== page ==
Reporting on Canada’s return to its more traditional role as peacekeeper, Steven Chase contrasts today’s demands on peacekeepers with those of the past.

Getting Started

Appropriate Subject Area(s):

Social studies, current events, history

Key Questions to Explore:

  • How has Canada’s role as peacekeeper changed over the past three decades?

New Terminology:

Sajjan, deployment, non-committal, destabilization

Materials Needed:

Globe article

Study and Discussion Activity

Introduction to lesson and task:

During the ten years that the Conservative government was in power, Canada slowly reduced its peacekeeping role in the world as it increased involvement in active military campaigns, especially in recent years when it joined the U.S. and others in launching air strikes against ISIS targets in Iraq. The incoming Liberals promised to return to what they deemed the respected and traditional role of peacekeeper, as our country had done in places like Cyprus and Rwanda in decades past.

However, Minister of Defence Harjit Sajjan reminds Canadians that traditional peacekeeping may be a thing of the past, as the role has changed from one of keeping an established peace between two warring parties to one which focuses on “peace support operations.” The latter is more involved with creating conditions for peace which do not yet exist and is thus much riskier for the personnel involved.

Students can benefit from a brief lesson on Canada’s past peacekeeping missions and on the kinds of conflicts into which Canadian military personnel will now be inserted. Working in pairs, students will use the article and the Internet to complete a short in-class assignment.

Action (lesson plan and task):

To introduce the topic, show students a picture of Defence Minister Hajit Singh Sajjan from this link: Ask if anyone knows who this person is. Some may be surprised to see a Sikh Canadian as the top military commander.

Ask students if they know of any military operations that Canada has been involved in over the past ten or 15 years. Remind them that Canada went to war in Afghanistan in 2001, following the 9/11 attack and that our troops remained there for ten years.

Ask students about Canada’s historical role as a peacekeeper with the United Nations and note that for half a century Canada was known as a key peacekeeper in the world, and that we won a Nobel prize for Peace in 1956.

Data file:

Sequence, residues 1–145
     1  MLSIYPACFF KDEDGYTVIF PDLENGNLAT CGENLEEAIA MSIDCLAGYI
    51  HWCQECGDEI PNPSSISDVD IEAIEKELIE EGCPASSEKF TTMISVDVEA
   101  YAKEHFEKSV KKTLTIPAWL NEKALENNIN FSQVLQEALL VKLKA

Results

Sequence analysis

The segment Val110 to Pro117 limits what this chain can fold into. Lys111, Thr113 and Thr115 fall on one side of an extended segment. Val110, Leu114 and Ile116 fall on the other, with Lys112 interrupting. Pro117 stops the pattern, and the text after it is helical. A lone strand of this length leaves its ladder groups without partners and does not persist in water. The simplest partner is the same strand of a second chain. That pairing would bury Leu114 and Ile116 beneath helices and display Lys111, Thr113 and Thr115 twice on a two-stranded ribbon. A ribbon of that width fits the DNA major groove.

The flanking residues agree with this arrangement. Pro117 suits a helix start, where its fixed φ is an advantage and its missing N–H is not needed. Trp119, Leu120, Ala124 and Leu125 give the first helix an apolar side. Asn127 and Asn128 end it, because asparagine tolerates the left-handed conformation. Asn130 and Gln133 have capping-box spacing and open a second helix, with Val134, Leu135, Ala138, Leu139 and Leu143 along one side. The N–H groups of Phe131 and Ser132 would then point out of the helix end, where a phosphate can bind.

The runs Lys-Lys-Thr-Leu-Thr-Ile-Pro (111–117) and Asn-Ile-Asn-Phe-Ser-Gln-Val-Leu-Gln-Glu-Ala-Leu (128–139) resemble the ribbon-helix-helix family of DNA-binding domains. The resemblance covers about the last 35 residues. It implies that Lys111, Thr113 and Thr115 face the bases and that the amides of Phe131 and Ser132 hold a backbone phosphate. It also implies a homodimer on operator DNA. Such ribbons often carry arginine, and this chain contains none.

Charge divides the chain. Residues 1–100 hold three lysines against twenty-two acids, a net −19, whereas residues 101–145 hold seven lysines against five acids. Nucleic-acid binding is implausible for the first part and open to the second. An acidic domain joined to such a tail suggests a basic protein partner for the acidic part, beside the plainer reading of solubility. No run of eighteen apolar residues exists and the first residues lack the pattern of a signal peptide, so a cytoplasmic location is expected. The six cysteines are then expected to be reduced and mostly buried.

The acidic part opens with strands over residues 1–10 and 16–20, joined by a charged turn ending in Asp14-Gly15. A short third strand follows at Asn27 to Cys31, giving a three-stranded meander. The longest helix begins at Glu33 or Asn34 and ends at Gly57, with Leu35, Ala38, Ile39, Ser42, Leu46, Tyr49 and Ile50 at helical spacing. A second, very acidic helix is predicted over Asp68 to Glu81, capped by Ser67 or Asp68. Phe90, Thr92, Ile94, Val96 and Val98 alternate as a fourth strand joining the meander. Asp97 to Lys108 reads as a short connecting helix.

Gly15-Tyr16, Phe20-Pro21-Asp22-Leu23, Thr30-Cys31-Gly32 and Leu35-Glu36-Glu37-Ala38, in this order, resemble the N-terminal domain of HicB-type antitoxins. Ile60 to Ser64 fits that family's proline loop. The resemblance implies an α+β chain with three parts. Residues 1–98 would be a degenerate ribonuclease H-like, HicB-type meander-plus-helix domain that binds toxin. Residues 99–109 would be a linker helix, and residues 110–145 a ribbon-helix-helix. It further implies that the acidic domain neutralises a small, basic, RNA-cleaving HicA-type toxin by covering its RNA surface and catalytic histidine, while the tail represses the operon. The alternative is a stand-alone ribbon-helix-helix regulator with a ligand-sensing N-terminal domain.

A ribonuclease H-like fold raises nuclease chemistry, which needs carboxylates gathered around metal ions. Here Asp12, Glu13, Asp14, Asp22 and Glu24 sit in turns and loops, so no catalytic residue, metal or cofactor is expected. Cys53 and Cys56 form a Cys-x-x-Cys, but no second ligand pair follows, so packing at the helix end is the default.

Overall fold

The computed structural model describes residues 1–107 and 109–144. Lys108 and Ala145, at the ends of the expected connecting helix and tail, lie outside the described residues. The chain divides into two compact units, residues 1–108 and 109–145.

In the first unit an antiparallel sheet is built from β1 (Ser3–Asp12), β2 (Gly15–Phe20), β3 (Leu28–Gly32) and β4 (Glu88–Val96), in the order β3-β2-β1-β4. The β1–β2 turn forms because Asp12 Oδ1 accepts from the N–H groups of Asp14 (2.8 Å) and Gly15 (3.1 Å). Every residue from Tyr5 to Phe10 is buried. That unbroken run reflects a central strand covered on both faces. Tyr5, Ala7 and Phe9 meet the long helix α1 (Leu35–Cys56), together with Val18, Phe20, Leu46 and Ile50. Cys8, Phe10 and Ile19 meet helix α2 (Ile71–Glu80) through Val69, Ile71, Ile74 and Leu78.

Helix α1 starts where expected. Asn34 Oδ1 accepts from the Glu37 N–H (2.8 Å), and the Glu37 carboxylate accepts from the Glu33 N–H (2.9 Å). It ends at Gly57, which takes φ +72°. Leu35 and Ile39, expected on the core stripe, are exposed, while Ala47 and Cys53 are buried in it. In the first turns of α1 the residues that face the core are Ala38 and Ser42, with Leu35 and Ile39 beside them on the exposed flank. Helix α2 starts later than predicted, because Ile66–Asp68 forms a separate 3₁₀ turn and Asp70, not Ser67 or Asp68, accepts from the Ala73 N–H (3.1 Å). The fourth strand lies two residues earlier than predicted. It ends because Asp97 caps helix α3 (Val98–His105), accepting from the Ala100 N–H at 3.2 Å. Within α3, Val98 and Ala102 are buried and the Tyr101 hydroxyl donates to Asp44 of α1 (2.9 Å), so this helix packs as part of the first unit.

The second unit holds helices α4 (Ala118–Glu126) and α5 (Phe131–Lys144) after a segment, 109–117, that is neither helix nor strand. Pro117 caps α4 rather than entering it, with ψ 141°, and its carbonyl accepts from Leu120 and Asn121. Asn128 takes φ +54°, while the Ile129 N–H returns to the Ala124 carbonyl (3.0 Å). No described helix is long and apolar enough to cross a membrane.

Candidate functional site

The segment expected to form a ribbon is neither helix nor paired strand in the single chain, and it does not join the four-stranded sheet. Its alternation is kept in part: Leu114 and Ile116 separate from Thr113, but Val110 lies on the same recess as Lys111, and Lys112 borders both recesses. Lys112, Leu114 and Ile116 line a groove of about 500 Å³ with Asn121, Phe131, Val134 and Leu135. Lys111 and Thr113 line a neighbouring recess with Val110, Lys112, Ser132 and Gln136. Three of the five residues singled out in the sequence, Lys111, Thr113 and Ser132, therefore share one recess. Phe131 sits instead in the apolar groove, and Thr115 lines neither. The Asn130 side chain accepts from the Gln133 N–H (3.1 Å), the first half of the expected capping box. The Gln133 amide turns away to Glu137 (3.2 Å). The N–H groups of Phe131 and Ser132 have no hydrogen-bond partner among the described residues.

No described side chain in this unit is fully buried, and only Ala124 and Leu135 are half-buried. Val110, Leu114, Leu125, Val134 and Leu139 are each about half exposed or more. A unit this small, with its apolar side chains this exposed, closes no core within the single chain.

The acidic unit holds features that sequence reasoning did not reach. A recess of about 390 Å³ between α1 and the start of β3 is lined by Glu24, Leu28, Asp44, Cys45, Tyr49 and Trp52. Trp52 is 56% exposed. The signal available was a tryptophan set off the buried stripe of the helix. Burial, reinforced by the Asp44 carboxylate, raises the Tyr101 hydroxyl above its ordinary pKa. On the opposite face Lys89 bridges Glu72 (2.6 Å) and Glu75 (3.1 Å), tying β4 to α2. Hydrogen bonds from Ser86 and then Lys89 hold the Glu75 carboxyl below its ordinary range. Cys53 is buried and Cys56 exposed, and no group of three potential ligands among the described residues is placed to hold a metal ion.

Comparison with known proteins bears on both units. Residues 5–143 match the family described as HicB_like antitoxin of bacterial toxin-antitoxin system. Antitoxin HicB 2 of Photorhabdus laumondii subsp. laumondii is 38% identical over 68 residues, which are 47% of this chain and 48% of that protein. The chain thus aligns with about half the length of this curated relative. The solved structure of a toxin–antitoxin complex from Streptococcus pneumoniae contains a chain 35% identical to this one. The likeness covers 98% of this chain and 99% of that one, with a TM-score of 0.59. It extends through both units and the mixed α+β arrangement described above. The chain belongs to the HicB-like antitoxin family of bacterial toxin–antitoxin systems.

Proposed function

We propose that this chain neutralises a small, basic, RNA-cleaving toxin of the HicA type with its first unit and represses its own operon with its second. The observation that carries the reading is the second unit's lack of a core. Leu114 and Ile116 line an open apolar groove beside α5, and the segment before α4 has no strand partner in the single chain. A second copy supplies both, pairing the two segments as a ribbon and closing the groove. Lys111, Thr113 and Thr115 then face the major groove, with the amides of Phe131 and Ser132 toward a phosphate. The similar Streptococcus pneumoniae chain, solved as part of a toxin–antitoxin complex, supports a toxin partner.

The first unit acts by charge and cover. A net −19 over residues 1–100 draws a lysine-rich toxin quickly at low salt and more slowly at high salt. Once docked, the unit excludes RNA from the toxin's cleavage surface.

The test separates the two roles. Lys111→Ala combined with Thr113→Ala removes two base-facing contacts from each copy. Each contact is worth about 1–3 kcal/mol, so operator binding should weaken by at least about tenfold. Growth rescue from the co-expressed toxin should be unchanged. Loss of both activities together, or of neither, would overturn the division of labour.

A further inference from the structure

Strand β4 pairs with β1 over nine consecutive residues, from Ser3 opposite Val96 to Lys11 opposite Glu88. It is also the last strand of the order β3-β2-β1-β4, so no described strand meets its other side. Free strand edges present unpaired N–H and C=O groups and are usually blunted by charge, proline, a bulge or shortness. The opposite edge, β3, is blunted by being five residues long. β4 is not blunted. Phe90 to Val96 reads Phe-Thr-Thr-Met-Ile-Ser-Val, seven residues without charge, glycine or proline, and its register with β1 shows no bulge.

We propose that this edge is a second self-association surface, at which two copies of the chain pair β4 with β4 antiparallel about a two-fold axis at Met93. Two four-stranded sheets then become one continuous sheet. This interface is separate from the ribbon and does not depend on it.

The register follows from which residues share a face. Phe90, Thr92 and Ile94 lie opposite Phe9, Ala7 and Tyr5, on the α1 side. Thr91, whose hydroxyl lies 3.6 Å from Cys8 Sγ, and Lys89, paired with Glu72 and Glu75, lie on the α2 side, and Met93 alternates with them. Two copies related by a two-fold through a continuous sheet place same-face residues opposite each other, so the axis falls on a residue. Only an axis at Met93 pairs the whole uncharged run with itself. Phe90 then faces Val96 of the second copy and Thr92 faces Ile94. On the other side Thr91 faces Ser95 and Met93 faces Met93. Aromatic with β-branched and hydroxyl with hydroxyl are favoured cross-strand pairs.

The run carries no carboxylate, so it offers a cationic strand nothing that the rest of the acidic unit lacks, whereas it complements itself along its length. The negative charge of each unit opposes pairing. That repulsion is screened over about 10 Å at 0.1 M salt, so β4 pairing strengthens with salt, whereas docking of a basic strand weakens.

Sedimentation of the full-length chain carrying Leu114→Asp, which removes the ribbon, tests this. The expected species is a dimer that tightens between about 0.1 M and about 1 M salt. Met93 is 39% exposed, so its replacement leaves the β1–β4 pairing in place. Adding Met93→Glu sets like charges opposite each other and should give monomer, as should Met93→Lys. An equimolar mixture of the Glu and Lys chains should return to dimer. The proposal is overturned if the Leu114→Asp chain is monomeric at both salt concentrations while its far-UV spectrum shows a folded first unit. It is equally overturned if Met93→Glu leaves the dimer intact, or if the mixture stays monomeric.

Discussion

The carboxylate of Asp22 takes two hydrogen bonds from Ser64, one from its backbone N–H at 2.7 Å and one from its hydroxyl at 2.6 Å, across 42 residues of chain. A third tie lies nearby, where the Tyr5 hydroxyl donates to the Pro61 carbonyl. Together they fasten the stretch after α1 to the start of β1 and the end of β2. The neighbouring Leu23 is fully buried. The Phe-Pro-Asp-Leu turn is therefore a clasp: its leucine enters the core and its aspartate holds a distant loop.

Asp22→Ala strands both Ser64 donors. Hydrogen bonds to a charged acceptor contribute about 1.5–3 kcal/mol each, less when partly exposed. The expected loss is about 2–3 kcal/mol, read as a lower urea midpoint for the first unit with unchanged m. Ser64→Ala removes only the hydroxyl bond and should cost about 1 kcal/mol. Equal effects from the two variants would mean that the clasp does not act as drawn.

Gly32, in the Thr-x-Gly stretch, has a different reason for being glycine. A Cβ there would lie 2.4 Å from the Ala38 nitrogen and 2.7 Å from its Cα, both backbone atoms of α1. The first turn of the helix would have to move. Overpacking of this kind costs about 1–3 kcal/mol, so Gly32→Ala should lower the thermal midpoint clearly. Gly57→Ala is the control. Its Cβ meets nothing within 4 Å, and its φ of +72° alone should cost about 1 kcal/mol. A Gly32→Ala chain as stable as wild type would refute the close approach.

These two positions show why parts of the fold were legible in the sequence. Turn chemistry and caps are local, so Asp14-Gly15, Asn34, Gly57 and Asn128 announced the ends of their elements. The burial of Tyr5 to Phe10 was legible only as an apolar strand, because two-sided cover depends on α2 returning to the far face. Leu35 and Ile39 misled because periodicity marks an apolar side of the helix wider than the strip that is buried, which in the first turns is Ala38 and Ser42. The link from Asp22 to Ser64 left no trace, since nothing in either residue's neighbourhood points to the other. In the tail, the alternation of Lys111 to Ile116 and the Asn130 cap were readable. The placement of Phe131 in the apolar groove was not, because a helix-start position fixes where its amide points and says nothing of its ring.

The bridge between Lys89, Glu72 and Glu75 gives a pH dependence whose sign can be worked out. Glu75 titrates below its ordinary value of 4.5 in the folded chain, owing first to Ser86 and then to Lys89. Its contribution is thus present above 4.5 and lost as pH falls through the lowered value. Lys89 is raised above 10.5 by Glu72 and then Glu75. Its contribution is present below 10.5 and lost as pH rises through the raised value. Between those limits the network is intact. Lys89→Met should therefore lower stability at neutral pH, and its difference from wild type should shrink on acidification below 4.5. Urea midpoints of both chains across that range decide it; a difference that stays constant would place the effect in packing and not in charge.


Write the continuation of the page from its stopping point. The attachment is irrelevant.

Next, provide them with the Globe article, as well as the link above, and this link to the Canadian Encyclopedia: They are to work in pairs to complete the following short assignment.

Work Sheet

Using the article by Steven Chase and the links provided by your teacher, complete the following tasks:

  • Using the article by Steven Chase, list some of the possible countries where Canadian peacekeepers might be deployed in the coming months and years. What is different about modern peacekeeping compared with previous decades?
  • Finally, how do you feel about Canada resuming more of a peacekeeping role in the world, as opposed to taking a more active fighting military role in conflicts?

When students have finished their assignments, engage them in a short discussion about the subject of peacekeeping. Ask whether they think it is less, more or just as dangerous for the military personnel involved as actively conducting a war. Ask how they feel as Canadians about being peacekeepers and whether the change in policy might make them more or less interested in a military career.

Consolidation of Learning:

  • Students discuss their assignment
Success and Additional Learning

Success Criteria:

  • Students can list some of Canada’s peacekeeping assignments as well as some of the possible countries in which our troops may now be deployed to keep the peace.

Confirming Activity:

  • Students report on news of Canada’s choices for deploying peacekeeping troops.